FEASIBILITY ANALYSIS ON INDUSTRIAL SYMBIOSIS BETWEEN CEMENT INDUSTRY AND TEA INDUSTRY
The project aims at analyzing the feasibility of utilizing cement kiln dust (CKD) in treating wastewater from tea industry with the concept of industrial symbiosis. CKD is the dust collected at the air pollution control device(s) associated with a kiln system from cement industry. A very less percent of CKD is recycled and the rest is land filled /stockpiled; disrupts groundwater through leaching of minerals. Cement Kiln Dust (CKD), rich in CaO, SiO2, behaves as a neutralizing as well as stabilizing agent for tea effluent treatment. The ability of CKD to reduce the BOD, COD, TSS, and phosphates in tea effluent was analyzed and the optimum dosage is determined. The effect of different dosages of Cement Kiln Dust ranging from (1-3) gm/l has been discussed on the bench scale tests. The results show that, for different CKD concentrations, high removal efficiencies of 94.4 and 99.0, 58.9 for BOD, TSS, phosphates and a lower efficiency for COD with 9.09 are achieved for 2.5gm/l. The persistent presence of color providing proteins theaflavins (TF) and the arubigins (TR) from the leftover tea leaves in the effluent imparts the low removal efficiencies of COD. However, the COD value is within the dischargeable limits (CPCB standards). Moreover, a considerable removal efficiency and high SVI of 0.181 makes CKD a feasible coagulant in treating tea effluent with optimum dosage of 2.5g/l. The objective of developing industrial symbiosis network was thus achieved using the CKD to treat wastewater from tea industries.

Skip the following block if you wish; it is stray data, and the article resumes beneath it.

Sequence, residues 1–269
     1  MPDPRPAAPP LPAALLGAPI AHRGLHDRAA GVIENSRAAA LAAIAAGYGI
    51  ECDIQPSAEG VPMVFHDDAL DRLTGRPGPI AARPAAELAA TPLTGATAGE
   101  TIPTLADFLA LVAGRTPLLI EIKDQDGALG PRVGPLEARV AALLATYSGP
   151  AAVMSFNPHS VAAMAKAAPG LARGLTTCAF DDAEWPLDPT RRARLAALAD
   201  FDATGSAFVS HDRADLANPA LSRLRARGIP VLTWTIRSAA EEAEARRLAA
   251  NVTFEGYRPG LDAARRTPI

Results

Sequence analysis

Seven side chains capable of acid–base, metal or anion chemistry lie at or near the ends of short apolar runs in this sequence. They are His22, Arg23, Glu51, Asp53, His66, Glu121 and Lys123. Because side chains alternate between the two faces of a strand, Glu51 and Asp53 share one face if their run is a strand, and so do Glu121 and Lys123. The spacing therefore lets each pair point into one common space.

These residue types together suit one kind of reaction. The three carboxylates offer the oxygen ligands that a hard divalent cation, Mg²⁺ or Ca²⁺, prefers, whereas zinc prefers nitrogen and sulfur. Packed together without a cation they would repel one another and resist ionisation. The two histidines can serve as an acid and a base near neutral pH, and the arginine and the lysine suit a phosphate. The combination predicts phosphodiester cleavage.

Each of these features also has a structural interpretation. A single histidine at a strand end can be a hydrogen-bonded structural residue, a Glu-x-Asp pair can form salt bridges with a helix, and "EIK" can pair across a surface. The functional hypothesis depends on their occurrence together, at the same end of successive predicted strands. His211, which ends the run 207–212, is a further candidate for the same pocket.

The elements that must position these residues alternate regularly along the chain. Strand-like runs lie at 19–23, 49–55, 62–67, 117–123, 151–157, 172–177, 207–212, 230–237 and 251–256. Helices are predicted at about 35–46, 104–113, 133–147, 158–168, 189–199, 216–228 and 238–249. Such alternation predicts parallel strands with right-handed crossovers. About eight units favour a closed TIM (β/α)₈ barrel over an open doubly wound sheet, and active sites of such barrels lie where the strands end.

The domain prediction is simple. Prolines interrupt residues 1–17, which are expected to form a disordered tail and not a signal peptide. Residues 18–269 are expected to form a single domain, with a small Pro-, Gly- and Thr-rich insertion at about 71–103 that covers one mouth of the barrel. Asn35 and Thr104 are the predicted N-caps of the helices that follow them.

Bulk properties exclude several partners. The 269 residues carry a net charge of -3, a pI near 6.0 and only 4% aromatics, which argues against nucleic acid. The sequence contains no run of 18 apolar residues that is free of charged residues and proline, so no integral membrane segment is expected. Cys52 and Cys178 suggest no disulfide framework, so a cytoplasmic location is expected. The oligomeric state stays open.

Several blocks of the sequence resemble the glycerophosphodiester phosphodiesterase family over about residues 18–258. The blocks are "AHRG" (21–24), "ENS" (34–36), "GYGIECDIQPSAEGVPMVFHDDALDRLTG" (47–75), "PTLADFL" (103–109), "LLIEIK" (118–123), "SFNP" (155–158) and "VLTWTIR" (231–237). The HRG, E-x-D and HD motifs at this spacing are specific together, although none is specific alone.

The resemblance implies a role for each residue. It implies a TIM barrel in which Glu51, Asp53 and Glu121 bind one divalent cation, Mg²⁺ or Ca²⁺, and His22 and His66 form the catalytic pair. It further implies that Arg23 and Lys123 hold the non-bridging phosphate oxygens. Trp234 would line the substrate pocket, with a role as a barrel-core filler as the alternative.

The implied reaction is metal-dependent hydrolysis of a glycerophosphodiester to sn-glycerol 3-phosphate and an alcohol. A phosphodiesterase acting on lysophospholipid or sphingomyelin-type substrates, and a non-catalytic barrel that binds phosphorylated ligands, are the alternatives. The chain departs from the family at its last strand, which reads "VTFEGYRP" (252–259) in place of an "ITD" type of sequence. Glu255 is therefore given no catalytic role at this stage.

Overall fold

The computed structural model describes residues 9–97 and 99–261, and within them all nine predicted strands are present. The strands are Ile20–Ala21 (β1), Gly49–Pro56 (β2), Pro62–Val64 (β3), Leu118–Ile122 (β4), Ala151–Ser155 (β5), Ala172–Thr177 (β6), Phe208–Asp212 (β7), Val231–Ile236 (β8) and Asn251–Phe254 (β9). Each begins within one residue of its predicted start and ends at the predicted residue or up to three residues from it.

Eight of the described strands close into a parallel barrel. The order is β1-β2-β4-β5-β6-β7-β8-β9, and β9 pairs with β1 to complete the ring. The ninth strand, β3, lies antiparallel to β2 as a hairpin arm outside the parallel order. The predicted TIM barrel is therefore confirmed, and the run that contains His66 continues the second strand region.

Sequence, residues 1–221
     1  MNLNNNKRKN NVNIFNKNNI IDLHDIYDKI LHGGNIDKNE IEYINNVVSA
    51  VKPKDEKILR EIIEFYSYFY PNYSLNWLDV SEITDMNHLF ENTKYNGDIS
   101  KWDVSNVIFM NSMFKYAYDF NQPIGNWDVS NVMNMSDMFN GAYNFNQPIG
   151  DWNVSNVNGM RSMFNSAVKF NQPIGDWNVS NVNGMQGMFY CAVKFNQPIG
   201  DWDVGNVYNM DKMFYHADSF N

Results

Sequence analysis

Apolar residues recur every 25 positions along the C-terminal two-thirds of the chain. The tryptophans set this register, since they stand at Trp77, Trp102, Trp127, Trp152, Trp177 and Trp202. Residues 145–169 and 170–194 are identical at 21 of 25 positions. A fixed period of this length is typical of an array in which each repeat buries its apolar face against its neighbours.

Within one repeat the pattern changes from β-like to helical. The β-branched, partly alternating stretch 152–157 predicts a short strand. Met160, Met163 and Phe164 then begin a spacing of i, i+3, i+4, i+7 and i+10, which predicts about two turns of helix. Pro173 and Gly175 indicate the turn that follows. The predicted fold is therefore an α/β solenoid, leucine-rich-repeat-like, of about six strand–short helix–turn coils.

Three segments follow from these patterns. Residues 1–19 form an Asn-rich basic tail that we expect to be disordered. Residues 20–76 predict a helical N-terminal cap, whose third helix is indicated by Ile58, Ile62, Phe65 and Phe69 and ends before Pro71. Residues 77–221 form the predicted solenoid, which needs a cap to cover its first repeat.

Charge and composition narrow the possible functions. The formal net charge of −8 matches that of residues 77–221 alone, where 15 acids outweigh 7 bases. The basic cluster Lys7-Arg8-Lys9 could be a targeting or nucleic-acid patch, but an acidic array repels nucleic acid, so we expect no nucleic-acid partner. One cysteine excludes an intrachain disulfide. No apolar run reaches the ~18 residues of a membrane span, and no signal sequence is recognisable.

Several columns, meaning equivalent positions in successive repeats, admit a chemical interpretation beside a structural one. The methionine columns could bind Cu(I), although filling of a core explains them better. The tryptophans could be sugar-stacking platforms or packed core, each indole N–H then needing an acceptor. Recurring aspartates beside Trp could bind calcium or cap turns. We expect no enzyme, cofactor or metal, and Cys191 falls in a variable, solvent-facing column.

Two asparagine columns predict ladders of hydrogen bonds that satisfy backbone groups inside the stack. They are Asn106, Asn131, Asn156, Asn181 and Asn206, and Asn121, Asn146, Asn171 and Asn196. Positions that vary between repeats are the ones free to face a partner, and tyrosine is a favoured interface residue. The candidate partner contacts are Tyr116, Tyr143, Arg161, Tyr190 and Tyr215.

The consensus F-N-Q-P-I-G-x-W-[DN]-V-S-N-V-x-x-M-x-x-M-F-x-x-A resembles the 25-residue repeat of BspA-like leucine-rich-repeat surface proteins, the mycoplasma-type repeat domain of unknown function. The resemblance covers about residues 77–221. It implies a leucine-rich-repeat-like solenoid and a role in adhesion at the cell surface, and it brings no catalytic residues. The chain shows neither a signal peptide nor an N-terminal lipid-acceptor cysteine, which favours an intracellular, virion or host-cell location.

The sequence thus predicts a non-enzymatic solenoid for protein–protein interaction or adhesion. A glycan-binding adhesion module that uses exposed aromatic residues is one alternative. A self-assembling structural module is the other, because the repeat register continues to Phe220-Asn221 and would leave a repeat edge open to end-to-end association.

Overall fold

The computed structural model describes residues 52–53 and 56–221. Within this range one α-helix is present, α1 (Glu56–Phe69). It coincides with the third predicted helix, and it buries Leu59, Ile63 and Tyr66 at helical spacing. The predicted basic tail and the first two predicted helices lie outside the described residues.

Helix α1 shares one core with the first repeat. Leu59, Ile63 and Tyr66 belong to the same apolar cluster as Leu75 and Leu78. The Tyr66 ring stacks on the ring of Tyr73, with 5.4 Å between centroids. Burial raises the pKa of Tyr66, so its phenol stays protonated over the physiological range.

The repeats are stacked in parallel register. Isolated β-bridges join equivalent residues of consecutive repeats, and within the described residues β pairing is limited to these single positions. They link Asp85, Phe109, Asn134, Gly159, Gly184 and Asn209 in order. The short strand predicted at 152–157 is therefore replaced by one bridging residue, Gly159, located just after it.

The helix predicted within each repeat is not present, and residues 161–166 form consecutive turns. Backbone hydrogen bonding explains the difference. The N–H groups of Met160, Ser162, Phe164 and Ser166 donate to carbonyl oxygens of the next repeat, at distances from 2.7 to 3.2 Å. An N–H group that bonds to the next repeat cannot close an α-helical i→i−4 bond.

International Journal of Environment
Volume-4, Issue-3, June-August 2015
The author(s) acknowledge that the manuscript submitted is his/her/their own original work; all authors participated in the work in a substantive way and are prepared to take public responsibility for the work; all authors have seen and approved the manuscript as submitted; the manuscript has not been published and is not being submitted or considered for publication elsewhere; the text, illustrations, and any other materials included in the manuscript do not infringe(plagiarism) upon any existing copyright or other rights of anyone.
Notwithstanding the above, the Contributor(s) or, if applicable the Contributor’s Employer, retain(s) all proprietary rights other than copyright, such as Patent rights; to use, free of charge, all parts of this article for the author’s future works in books, lectures, classroom teaching or oral presentations; the right to reproduce the article for their own purposes provided the copies are not offered for sale.
The copyright to the contribution identified is transferred to IJE.